Diamond and Silk didn't immediately respond to a request for comment. 

Like other social media platforms, Facebook is important to Diamond and Silk. Their page has more than 1.4 million followers, and their YouTube channel -- it's called The Viewers View -- boasts more than 142,000 subscribers. Their Twitter account has 641,000 followers and is one of just 45 followed by the president

The pair say they've been discussing "bias censorship" by Facebook against them since Sept. 7, 2017. A response on April 5 said Facebook considered them "unsafe."

That rankled congressional Republicans, starting on Tuesday when Sen. Ted Cruz, a Texas Republican, invoked the sisters to launch an aggressive inquiry into Facebook's political leanings.

"To a great many Americans, that appears to be a pervasive pattern of political bias," Cruz told Zuckerberg. "Do you agree with that assessment?"

Now Playing: Watch this: Zuckerberg to Congress: 'It was my mistake, and I'm sorry'
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Zuckerberg told Cruz that Facebook doesn't censor content based on political views, though he acknowledged that Silicon Valley, where his company is headquartered, is an "extremely left-leaning place."

The inquiries continued on Wednesday, when Zuckerberg met with a House of Representatives committee. At least five members questioned him on Diamond and Silk.

Rep. Marsha Blackburn, a Republican from Tennessee, picked up the baton, slamming Zuckerberg over allegedly silencing the sisters.

"Let me tell you something right now, Diamond and Silk is not terrorism," Blackburn said in her last words before her allotted four minutes expired. She was referring to Zuckerberg's repeated statement that Facebook purged material that promoted terrorism or other forms of harm.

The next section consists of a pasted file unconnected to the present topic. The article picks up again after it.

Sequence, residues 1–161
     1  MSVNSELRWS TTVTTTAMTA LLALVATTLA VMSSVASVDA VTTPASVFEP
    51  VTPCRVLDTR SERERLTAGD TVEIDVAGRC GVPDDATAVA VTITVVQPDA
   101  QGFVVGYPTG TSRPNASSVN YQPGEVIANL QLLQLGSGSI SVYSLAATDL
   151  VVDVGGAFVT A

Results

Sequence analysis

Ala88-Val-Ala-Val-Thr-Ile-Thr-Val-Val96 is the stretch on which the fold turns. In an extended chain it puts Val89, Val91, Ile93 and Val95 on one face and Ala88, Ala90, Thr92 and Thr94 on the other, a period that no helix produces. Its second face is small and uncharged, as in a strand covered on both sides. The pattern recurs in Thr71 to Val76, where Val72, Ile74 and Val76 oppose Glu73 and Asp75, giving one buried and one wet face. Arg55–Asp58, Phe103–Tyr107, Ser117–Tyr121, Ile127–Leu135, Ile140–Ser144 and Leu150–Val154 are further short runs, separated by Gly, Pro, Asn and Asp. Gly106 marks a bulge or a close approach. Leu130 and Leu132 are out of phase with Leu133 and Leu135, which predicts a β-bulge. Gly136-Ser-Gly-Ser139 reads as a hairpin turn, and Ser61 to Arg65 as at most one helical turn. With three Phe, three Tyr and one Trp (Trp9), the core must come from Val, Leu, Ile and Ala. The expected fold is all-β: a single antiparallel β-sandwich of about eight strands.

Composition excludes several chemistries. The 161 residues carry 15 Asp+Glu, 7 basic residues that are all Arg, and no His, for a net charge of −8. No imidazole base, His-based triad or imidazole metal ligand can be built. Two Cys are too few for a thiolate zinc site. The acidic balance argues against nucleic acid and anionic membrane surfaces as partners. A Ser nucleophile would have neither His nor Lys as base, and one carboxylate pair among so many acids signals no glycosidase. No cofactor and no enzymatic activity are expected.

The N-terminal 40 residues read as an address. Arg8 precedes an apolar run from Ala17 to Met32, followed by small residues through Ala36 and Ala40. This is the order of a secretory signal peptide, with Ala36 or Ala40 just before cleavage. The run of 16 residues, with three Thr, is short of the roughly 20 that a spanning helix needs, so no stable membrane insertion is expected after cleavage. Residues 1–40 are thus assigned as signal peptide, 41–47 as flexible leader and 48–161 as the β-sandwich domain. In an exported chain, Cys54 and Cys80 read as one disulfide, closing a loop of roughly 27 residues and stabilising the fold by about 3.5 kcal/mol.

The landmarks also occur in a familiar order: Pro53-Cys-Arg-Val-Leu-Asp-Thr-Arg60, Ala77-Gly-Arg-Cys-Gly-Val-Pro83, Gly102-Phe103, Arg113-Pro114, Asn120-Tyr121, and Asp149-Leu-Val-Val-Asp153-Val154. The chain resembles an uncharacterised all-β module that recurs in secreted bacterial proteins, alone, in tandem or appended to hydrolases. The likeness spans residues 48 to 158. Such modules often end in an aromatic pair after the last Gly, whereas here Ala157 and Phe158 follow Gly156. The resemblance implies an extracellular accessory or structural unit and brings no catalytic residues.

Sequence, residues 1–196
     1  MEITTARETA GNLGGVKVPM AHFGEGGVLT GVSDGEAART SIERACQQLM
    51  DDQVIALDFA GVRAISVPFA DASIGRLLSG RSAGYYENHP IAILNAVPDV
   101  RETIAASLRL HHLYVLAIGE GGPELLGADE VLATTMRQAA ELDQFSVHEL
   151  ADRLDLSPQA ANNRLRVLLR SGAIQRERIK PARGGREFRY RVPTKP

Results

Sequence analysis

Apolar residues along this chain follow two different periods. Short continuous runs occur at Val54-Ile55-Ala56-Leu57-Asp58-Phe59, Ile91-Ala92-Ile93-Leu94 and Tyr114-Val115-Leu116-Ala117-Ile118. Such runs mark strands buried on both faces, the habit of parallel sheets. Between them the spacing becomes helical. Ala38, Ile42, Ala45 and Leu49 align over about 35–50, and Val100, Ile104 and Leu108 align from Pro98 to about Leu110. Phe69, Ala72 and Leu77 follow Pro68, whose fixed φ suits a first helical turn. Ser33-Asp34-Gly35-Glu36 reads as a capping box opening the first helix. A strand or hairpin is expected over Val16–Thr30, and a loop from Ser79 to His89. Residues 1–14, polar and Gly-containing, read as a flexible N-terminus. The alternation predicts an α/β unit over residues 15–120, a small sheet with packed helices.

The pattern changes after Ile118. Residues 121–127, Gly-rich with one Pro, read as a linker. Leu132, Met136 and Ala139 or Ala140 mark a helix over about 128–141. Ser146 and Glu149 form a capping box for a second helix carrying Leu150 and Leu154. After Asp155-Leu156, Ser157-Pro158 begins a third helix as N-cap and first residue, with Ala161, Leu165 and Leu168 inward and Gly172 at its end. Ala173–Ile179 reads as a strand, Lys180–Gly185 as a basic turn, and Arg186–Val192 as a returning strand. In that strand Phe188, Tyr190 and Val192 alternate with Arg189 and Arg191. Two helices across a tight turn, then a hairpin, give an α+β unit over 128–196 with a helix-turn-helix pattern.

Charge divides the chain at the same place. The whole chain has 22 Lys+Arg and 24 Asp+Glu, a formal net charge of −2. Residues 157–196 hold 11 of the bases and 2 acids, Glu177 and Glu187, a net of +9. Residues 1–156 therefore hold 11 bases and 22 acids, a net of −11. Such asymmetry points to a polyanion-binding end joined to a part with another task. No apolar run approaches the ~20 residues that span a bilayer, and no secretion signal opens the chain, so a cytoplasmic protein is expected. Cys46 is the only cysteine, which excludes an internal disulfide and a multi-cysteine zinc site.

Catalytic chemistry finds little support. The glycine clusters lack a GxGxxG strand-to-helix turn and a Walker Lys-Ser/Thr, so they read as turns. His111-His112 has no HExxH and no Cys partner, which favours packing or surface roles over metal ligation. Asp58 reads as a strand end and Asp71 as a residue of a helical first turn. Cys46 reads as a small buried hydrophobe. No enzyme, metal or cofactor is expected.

Steve Scalise, a Republican from Louisiana and the House majority whip, also expressed concern about the status of Diamond and Silk's presence on Facebook. He wanted to know if Facebook had fired anyone because of the "enforcement error." 

Zuckerberg said he didn't know.

Rep. Billy Long, a Republican from Missouri, demonstrated that he had obviously prepared ahead of time, with an aide holding a poster of Diamond and Silk behind him. 

"What is unsafe about two black women supporting President Donald J. Trump?" he asked.

Rep. Richard Hudson, a Republican from North Carolina, told Zuckerberg that he had to bring up Diamond and Silk again. He had good reason: The sisters live in the district he represents.

"My question is, what is the standard that Facebook uses to determine what is offensive or controversial?" he asked Zuckerberg.

Zuckerberg said there were several standards, including hate speech and threats that would cause physical harm. 

"The question of what is hate speech versus what is legitimate political speech is something we get criticized both from the left and the right on, [regarding] what the definitions are that we have. It's nuanced," Zuckerberg said.

Hudson's line of questioning undoubtedly pleased Diamond and Silk. But the rest of his district might have felt overlooked. He had reached out to his constituents before the hearing for suggestions on what to ask Zuckerberg, he told the Facebook CEO. Most requested that he find out how they could protect their personal privacy.

First published, April 11 at 1:22 p.m. PT.
Update, April 12 at 6:19 a.m. PT: Adds comment from a Facebook spokesperson and a new tweet from Diamond and Silk.